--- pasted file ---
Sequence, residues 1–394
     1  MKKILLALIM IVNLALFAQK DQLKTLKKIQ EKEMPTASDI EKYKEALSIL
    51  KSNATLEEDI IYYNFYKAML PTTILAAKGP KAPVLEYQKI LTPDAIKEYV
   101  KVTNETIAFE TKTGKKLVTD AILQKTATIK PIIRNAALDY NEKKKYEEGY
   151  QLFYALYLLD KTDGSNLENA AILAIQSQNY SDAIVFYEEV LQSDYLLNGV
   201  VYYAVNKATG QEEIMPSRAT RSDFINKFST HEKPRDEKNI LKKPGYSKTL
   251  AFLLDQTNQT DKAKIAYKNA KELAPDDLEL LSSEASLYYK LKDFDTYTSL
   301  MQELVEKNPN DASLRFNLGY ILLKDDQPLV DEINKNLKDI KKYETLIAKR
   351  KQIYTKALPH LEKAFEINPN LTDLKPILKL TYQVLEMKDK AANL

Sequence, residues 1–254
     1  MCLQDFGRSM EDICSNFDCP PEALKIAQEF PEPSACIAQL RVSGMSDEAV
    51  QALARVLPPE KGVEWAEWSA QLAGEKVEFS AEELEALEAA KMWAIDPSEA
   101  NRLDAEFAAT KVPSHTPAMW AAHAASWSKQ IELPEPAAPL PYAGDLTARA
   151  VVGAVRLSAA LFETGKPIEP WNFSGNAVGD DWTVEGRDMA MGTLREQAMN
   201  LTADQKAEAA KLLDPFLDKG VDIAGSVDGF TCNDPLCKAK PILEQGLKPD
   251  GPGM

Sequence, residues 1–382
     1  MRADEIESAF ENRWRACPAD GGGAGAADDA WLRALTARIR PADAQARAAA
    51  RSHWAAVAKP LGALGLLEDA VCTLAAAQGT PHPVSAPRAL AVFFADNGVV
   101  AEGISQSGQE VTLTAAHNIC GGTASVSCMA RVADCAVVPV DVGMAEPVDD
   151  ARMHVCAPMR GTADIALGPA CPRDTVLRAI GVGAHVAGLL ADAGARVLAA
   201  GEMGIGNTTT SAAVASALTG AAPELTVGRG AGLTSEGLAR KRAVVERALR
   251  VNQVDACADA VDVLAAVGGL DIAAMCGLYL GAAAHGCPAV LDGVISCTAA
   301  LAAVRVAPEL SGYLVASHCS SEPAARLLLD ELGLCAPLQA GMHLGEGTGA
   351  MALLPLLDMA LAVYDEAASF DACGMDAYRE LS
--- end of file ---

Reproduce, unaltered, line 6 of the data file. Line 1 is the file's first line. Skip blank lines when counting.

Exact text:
   201  VYYAVNKATG QEEIMPSRAT RSDFINKFST HEKPRDEKNI LKKPGYSKTL